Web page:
Most topologists are familiar with the Hewitt-Marczewski-Pondiczery theorem. It states that if m is an infinite cardinal then the product of no more than exp(m) topological spaces of density character no larger than m has density character no larger than m. In particular, the product of no more than c infinite separable spaces is separable (where c is the cardinal number of the continuum). Hewitt's proof appeared in [Bull. Amer. Math. Soc. 52 (1946), 641-643], Marczewski's proof in [Fund. Math. 34 (1947), 127-143], and Pondiczery in [Duke Math. 11 (1944), 835-837]. A proof and a few historical remarks appear in Chapter 2 of Engelking's General Topology. The spread in the publication dates is due to dislocations caused by the second world war; there is no doubt that these discoveries were made independently.
Hewitt and Marczewski are well-known as contributors to general topology, but who was (or is) Pondiczery? The answer may be found in "Lion Hunting & other Mathematical Pursuits" , edited by G. Alexanderson and D. Mugler, Mathematical Association of America, 1995. It is a collection of memorabilia about Ralph P. Boas Jr. (1912-1992), whose accomplishments included writing many papers in mathematical analysis as well as several books, making a lot of expository contributions to the American Mathematical Monthly, being an accomplished administrator (e.g., he was the first editor of Mathematical Reviews (MR) who set the tone for this vitally important publication, and was the chairman for the mathematics department at Northwestern University for many years and helped to improve its already high quality), and helping us all to see that there is a lot of humor in what we do. He wrote many humorous articles under pseudonyms, sometimes jointly with others. The most famous is "A contribution to the mathematical theory of of game hunting" by H. Petard that appeared in the Monthly in 1938. This book is a delight to read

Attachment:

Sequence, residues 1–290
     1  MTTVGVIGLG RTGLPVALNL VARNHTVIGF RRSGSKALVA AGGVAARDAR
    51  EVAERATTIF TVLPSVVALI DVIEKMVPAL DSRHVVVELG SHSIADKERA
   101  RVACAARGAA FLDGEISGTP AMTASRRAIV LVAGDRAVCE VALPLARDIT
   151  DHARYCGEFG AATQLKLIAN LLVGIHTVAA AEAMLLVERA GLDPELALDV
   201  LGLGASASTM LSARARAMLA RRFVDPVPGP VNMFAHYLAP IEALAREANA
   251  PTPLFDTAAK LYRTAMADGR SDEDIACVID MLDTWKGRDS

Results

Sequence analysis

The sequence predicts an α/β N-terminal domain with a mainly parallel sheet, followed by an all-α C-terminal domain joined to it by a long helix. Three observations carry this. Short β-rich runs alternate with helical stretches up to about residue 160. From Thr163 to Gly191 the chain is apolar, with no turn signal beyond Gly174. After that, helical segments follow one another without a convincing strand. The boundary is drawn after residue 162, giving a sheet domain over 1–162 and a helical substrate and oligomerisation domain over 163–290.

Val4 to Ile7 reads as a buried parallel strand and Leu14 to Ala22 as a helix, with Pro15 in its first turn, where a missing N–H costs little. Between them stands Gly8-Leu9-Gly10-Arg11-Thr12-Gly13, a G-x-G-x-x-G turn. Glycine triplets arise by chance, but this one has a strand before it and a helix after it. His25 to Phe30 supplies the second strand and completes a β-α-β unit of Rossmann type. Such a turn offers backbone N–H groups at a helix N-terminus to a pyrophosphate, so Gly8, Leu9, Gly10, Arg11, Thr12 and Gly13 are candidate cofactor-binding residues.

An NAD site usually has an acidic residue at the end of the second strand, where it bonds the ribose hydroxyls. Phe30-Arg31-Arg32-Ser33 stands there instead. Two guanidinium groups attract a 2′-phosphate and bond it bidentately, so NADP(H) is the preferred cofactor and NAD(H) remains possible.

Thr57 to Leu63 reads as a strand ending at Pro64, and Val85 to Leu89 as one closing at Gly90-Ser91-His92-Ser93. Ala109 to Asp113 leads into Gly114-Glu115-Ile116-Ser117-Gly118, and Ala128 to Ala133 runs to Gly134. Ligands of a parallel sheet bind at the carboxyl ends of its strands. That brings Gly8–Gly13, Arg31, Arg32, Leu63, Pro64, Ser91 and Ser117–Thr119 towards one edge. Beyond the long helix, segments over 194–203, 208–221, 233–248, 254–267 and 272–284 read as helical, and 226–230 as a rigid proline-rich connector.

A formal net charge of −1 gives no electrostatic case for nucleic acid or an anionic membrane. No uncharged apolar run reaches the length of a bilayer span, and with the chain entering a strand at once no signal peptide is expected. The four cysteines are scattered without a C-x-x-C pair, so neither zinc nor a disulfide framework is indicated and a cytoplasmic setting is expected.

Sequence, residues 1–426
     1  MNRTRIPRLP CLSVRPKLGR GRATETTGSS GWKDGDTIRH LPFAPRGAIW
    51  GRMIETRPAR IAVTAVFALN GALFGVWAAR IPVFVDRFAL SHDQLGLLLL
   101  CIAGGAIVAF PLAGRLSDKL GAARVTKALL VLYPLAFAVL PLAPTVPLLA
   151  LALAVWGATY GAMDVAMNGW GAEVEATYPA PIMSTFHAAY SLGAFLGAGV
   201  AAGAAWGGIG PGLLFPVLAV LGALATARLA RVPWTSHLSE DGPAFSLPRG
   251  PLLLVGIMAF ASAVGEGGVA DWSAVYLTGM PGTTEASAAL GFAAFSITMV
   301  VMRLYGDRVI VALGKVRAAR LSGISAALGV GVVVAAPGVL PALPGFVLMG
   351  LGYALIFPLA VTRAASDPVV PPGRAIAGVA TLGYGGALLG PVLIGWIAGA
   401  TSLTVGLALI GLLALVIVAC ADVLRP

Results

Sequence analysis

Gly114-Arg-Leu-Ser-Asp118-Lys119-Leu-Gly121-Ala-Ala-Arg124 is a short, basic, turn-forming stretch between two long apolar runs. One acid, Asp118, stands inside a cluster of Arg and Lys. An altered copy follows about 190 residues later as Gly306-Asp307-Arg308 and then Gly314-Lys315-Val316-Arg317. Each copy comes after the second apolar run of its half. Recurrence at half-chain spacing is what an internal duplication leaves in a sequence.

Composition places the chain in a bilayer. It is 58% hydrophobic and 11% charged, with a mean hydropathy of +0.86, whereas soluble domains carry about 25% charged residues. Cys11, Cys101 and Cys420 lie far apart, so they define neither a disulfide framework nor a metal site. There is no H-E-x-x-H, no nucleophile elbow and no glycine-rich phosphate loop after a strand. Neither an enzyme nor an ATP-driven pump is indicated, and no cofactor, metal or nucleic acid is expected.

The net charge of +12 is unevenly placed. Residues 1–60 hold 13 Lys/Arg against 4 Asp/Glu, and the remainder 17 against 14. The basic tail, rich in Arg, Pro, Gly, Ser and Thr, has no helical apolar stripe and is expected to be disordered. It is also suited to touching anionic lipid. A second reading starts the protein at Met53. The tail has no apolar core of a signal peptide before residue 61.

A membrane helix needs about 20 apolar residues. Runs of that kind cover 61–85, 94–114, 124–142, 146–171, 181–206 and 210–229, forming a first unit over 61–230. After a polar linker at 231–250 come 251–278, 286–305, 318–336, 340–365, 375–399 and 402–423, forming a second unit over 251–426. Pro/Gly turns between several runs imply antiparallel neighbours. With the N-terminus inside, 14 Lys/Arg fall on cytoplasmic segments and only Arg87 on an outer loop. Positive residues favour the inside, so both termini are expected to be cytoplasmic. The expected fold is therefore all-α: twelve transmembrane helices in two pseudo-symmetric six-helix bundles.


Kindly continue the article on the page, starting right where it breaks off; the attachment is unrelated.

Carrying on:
In this book, Ralph Boas confesses to having concocted the name from Pondicheree (a place in India fought over by the Dutch, English and French), changed the spelling to make it sound slavic, and added the initials E.S. because he contemplated writing spoofs on extra-sensory perception under the name E.S. Pondiczery. Instead, Pondiczery wrote notes in the Monthly, reviews for MR, and the paper that is the subject of this article. It is the only one reviewed in MR credited to this pseudononymous author.
One mystery remains. Did Ralph Boas have a collaborator in writing this paper? He certainly had the talent to write it himself, but facts cannot be established by deduction alone. His son Harold (also a mathematician) does not know the answer to this question. Perhaps some reader of Topological Commentary does and will enlighten us all.